29. Well, if the ring thing is really not an issur then-why not? It really can be unfair when you just don’t know if the guy who caught your eye in the college library is already taken! And, yes-( Princess Lea) apparently there is a problem with the opposite gender in fulfilling thier jobs.

  30. Princess Lea – it would seem to me that the standard “good guy” doesn’t want to be caught staring at the women’s section at wedding since it is deemed “sketchy,” so they make due with short glances here and there. There is also a difference of reaction between the genders when you discover someone looking at you quite intently. As Yosef said – guys tend to like that, and from my personal understanding (limited though it is) girls don’t quite enjoy that as much. There’s a distinction between showing chilvalric courtesy to attract the attention of a fair maiden, and awkwardly staring at an attractive female for a lengthy period of time hoping she’ll make eye contact and get the hint.

    Also, I think that weddings seem to be more strategically favorable for women to check out the guys than vice versa. We can’t look at you dancing because it’s halachically problematic. Y’all can watch us (and laugh or cheer) as much as you want. The most poignant example of this when the kallah is brought over for circle and shtick time. The guys know they aren’t JUST entertaining the newlyweds, but we’re entirely on display as well. A lot more goes into planning the shtick than you might realize. I’d say take advantage of these opportunities!

  31. you know… a simple (and casual) “you married?” will get you quite far. Most of them won’t bother asking why you asked. For the ones that do, you can usually get away with a “just curious..”

    Some more tips: Mention your nephews or something and casually ask “you got kids?” The non marrieds will usually respond with a “I’m not married..”

    You can also ask related things that show your “innocence” :

    “whens the wedding?”
    Yea… I thought you’re engaged…
    No… not yet… or … I’m married… or….

    Or… “does your wife make your lunch?”

    Use similar tactics.

    You girls must not be so desperate… these are all easy things to do… (of course they require actually asking direct questions… I don’t know if thats a no no.)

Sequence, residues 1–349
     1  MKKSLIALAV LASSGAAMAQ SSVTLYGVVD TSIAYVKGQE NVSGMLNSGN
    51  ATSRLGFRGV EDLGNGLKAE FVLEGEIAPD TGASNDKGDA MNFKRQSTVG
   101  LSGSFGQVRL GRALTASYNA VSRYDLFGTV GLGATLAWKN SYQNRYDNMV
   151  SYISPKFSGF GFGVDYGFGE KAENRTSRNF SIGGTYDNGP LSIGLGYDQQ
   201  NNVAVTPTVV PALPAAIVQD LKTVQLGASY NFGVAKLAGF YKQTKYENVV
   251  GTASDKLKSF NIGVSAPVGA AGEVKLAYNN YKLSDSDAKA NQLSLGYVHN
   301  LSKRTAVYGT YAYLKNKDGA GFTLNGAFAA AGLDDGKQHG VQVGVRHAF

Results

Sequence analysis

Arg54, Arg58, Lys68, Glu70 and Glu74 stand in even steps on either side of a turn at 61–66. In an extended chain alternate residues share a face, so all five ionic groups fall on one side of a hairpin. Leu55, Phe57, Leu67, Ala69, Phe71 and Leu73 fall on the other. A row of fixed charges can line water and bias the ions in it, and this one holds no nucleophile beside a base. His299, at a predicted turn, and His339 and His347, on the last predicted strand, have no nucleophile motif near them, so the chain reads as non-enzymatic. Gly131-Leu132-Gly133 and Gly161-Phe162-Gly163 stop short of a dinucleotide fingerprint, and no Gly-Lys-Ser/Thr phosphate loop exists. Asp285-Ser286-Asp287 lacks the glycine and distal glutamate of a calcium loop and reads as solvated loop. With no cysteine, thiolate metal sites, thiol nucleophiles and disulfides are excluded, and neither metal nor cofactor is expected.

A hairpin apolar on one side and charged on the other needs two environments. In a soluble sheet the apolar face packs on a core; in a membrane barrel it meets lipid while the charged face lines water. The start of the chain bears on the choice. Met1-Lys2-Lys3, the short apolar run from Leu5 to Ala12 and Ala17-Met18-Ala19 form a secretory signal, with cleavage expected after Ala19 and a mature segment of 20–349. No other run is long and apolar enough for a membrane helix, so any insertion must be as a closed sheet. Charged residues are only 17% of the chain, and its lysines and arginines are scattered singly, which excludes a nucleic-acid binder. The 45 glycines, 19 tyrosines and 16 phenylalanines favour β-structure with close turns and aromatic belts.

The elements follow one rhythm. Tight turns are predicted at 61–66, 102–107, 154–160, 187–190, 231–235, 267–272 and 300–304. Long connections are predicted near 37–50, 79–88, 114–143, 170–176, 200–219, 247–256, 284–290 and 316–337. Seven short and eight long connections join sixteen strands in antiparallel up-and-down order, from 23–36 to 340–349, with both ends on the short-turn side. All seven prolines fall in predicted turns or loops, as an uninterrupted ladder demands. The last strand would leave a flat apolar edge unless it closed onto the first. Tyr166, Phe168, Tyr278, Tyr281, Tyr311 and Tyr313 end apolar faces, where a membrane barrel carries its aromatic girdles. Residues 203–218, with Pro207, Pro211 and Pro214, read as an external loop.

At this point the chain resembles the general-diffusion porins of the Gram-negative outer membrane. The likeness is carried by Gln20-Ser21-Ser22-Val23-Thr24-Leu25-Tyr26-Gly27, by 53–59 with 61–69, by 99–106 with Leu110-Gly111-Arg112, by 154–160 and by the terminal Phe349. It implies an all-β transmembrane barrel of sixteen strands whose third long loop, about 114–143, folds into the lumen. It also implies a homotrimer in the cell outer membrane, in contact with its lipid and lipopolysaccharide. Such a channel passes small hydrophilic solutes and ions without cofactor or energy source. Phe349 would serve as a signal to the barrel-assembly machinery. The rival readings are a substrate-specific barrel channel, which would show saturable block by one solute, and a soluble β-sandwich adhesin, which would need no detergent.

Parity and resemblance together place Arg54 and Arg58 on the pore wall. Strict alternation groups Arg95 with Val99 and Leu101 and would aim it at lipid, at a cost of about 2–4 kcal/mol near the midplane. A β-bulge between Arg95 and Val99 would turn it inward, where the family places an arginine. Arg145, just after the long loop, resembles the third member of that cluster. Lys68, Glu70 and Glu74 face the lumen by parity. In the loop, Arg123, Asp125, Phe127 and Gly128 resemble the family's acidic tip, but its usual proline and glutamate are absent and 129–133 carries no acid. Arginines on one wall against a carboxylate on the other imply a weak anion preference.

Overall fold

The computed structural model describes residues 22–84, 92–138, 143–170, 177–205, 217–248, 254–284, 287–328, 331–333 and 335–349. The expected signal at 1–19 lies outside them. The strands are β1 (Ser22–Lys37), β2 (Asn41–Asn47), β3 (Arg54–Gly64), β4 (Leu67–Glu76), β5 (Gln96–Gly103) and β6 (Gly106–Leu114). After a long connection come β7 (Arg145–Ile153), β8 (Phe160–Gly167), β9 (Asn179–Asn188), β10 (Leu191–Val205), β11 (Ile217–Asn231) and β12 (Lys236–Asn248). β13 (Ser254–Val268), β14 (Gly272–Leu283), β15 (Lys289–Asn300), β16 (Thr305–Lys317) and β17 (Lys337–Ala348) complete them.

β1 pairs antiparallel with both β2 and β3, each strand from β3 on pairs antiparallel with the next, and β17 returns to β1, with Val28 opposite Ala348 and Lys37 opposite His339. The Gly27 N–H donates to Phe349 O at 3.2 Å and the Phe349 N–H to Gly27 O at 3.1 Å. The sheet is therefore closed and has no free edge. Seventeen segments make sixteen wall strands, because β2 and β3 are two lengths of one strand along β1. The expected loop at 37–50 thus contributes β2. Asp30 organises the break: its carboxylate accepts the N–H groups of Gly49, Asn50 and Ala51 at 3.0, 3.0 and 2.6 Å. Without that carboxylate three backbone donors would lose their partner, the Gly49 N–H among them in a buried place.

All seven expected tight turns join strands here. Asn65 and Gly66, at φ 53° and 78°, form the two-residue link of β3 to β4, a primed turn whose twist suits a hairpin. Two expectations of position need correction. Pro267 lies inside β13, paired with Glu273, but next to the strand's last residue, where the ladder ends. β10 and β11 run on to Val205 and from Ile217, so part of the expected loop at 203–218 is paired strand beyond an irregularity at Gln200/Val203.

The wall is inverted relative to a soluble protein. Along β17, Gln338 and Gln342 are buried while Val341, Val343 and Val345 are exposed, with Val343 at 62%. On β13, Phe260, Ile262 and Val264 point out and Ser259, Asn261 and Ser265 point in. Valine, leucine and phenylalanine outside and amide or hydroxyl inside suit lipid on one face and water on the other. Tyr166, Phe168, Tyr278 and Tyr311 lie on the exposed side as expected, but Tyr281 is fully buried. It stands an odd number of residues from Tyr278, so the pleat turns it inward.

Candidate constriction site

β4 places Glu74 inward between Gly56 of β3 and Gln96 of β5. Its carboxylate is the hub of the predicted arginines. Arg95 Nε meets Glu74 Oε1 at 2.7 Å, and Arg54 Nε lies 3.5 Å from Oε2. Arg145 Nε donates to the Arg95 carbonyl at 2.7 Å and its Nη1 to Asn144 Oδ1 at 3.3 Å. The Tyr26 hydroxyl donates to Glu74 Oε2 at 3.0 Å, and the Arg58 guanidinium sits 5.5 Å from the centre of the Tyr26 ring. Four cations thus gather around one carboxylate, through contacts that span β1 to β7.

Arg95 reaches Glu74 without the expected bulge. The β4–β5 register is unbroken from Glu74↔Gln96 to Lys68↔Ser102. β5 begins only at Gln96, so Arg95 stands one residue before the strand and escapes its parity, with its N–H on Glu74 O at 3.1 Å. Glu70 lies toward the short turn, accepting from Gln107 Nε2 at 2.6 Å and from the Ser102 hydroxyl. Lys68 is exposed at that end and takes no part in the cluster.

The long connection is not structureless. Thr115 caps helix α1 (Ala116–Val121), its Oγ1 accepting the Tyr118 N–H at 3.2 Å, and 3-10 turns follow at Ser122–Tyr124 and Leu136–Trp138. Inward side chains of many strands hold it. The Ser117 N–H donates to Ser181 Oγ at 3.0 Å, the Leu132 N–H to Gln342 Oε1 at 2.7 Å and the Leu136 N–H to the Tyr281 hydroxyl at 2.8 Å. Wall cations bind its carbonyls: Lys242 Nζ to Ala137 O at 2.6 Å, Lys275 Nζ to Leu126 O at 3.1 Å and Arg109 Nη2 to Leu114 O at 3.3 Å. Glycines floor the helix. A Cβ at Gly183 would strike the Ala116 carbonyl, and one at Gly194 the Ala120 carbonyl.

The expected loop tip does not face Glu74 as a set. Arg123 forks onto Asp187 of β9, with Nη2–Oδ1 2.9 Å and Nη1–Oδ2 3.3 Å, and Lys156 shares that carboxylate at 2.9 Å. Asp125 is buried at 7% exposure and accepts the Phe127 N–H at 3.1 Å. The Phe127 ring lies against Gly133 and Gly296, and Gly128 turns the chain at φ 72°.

32. Again, girls are the ones starting conversation.

    Dudes! Channel the hunter-gatherer and say “Hi! So . . . you know the chosson or the kallah?”

  33. the problem is that if guys start the convo….. then there are 2 scenarios: a) she’s attracted to him, so its cool. b) she’s not attracted, so he’s a creep for talking to her. We’re afraid of b)

  34. @42, see my post numbered 6.

    @41, totally agree. I have actually started conversations with solid frum girls and they thought I was a creep- even though one was looking at me for the previous ten minutes.

    @40-Princess Lea, give me a sign so I’ll know who you are and worst comes to worst, we can always discuss star wars! Or I can just try every girl until I get the response, “so, you’re the hunter-gatherer.”

  35. Many people we know feel that guys are more likely to get flirted with at work while wearing a ring (either on purpose or more often, because they’re viewed as “safe” as married Orthodox Jewish males).

  36. Cute idea. There are certain groups that have men wear rings.

    But even rings don’t help. I’m wearing my engagement ring and it’s funny how people still think I’m 15. I was on a plane coming home from Israel, and a lady comes over to ask if I was in seminary. Another lady in shul asks me what grade I’m in. So by girls, it’s known that a girl wears an engagement ring, and they don’t check the hand. So where it’s uncommon for guys to wear rings, I don’t think people would think of checking.

    I did once hear that single guys in Lakewood don’t wear beards so that you can distinguish between single and married. That once they get married they grow a beard.